The May 2020 edition of T-SQL Tuesday is hosted by Glenn Berry (b|t). On the surface, his topic is about “Folding@Home”. But if you read closer, you’ll see that Glenn actually asks: “what are you doing as a response to COVID-19?” And while Glenn does suggest that zooming in on how we optimize our hardware for Folding@Home might be a good idea for this round of T-SQL Tuesday, the topic allows for more freedom. I’ll grab that freedom and use it to talk about something else I do as a response to COVID-19. Execution plans? Yes, execution plans It should…
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Row counts and arrow width, a primer

This month (May 2020), I will post several blog posts, all about the same theme: row counts in execution plans, their representation as arrow width; how to use it, and how it can confuse you. Of all the properties you find in execution plans, the Actual Number of Rows and Estimated Number of Rows properties are perhaps the most useful and most used, and definitely in the top three. They can be used for many things, and are extremely valuable. But there are some gotcha’s that a lot of people are unaware of. In this first post, I will highlight…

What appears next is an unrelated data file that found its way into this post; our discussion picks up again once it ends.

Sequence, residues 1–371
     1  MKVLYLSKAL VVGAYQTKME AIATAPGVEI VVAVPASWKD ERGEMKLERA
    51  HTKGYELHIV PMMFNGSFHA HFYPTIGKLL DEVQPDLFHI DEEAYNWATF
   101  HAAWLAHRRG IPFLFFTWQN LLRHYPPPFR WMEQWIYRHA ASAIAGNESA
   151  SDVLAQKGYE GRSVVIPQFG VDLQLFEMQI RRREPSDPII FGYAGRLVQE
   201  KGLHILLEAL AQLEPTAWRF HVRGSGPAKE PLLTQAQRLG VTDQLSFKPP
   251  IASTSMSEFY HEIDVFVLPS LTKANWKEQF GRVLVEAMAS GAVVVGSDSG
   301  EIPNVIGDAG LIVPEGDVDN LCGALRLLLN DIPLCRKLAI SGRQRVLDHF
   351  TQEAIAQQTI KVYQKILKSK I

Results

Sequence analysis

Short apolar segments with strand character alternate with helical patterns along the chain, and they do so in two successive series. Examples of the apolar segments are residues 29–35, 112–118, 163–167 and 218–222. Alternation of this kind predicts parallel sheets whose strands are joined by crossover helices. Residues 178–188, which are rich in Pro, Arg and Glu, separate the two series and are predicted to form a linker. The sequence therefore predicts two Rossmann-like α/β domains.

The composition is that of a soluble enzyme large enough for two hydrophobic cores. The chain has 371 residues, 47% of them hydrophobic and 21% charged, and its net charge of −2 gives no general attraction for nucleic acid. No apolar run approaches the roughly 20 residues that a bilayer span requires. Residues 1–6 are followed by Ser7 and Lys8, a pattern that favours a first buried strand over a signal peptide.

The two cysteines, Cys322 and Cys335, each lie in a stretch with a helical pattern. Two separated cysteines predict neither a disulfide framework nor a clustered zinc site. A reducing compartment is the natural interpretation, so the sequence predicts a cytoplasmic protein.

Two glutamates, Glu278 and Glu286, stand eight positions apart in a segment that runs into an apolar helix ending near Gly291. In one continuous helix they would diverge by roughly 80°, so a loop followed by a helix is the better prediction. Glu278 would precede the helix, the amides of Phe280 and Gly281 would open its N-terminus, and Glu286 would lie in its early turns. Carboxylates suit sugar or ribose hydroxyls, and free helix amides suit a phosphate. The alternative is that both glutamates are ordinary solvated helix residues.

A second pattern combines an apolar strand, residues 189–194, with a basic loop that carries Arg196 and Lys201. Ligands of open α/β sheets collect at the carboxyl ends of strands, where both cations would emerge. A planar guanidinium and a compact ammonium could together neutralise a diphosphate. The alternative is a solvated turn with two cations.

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Query Store, force my plan on that other server too, please?

This blog is a follow-up to a discussion I recently had on Twitter, started by Patrick Joliffe asking some people: if you need to force an execution plan, would you prefer to do it through Query Store or through a Plan Guide? Most people agreed that Query Store should be preferred. Not only because it is easier to use, but also (perhaps I should say mainly) because it provides better insight and visibility. The last thing you want to do is to lose track of what queries you have forced an execution plan for. After all, you really need to…
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SSMS 18.5 – small change, huge effect!